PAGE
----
When a tractor-trailer “jackknifes”—folds as a result of the trailer swinging outward—it can create a scary situation for other drivers on the road. The trailer may swipe across several lanes, striking unsuspecting vehicles in its path. Tragically, this most-dangerous type of truck accident often ends in significant damage and trips to the emergency room for those unlucky enough to get hit by the heavy trailer.
At Hinton & Powell, our accident attorneys are here to explain how jackknife accidents happen so that you can hopefully avoid them when possible. And if you ever get caught in a jackknife accident while driving on Georgia roads, give our Atlanta-based law firm a call.
If a truck driver has to slam on the brakes, a jackknife accident may be imminent. A cab and a loaded trailer will stop at different speeds, so quickly applying the brakes will cause the trailer to pivot. You might see this happen if there’s a sudden stop in traffic or if a truck driver hits the brakes while descending a steep hill.
Navigating curvy roads can be tricky for a big rig. Turning too sharply causes the trailer to sway, which can result in a jackknife accident if the driver is unable to regain control of the semi.
Just like in any other accident, driver errors such as speeding, distraction, and fatigue can contribute to a jackknife scenario. And while jackknifing isn’t necessarily a rookie mistake, a less experienced truck driver is more likely to struggle with controlling an 18-wheeler in situations where jackknifing is possible.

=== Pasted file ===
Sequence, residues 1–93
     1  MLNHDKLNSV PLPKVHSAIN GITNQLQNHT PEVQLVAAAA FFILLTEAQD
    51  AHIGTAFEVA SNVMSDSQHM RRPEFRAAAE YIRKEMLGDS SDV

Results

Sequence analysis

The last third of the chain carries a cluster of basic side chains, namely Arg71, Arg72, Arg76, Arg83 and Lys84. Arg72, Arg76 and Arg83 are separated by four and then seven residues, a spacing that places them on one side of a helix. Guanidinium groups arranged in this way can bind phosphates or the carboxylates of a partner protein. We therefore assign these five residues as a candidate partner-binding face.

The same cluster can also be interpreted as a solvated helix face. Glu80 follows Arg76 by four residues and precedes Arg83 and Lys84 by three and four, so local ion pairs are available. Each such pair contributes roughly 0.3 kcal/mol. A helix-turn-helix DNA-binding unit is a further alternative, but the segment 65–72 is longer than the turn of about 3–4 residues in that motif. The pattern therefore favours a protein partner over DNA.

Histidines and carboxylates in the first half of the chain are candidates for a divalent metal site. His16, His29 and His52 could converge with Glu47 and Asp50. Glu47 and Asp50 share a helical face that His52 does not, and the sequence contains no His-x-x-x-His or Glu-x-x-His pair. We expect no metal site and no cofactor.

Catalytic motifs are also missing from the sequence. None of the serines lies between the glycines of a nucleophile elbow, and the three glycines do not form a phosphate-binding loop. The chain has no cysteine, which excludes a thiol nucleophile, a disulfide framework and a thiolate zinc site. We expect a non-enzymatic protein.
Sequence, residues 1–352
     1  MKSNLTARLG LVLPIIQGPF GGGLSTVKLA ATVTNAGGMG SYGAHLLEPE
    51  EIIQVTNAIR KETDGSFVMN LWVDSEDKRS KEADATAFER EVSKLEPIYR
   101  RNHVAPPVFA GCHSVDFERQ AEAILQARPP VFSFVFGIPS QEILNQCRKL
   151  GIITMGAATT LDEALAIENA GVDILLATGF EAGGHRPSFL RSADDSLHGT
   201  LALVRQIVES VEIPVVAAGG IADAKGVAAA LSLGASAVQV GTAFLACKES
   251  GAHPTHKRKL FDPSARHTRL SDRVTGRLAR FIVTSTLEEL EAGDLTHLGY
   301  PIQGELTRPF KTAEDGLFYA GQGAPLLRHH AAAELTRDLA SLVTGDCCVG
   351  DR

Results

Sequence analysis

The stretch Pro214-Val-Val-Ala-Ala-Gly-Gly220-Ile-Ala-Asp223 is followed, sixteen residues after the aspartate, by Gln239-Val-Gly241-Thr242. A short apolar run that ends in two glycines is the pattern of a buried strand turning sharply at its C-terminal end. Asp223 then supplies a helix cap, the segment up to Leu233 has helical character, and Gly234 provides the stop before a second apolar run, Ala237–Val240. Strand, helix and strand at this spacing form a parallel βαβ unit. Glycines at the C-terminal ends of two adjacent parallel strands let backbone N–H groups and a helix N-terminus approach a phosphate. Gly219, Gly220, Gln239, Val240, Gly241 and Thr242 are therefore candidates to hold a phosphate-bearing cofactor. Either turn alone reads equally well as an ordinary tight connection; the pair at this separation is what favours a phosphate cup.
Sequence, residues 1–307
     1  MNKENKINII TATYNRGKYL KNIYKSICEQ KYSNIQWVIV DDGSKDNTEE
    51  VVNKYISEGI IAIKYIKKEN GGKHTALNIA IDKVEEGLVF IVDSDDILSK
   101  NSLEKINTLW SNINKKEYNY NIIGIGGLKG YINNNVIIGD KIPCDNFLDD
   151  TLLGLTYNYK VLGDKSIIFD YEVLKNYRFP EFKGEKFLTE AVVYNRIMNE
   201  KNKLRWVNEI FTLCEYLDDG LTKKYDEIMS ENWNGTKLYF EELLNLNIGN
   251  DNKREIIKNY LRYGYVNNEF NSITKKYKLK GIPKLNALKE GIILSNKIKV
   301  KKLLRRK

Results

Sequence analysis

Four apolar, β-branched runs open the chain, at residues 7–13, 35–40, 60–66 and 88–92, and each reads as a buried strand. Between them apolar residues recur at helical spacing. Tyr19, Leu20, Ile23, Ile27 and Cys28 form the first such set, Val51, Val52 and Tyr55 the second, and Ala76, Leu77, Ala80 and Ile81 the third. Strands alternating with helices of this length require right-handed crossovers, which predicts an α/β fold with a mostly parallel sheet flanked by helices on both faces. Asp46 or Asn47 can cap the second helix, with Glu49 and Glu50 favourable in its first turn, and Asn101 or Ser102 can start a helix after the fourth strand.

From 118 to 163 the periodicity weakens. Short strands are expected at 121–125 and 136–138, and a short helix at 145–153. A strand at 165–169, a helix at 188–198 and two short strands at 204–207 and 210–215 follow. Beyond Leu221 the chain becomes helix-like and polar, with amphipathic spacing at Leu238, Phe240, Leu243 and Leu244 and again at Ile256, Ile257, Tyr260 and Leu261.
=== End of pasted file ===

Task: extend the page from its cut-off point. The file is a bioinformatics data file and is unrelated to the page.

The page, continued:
When roads get wet or icy, a vehicle’s tires lose traction, causing it to skid. A truck that’s slip-sliding away will often jackknife.
A particular trailer can only carry a certain amount of cargo, as indicated by its Gross Vehicle Weight Rating, so overloading the trailer can cause the truck to jackknife once it’s on the road. But even when carrying an appropriate load, a trailer will swivel if it’s not filled properly. In a balanced cargo trailer, the heaviest 60 percent of cargo sits at the front half, and all items must be secured so that they don’t move around in the trailer and cause it to lurch.
The Federal Motor Carrier Safety Administration requires most trucks to have anti-lock braking systems, and tractor-trailers face even stricter regulations. However, a defect or a lapse in maintenance can still cause the brakes to fail, which may result in a jackknife accident. When a vehicle’s brakes aren’t working properly, the axles lock up, and dragging a trailer with locked brakes will push it out to the side.
Hinton & Powell handles personal injury cases throughout the state of Georgia and beyond. With 96 years of collective experience, our lawyers can help you receive the compensation you deserve after a jackknife accident. Contact us today to schedule a free consultation.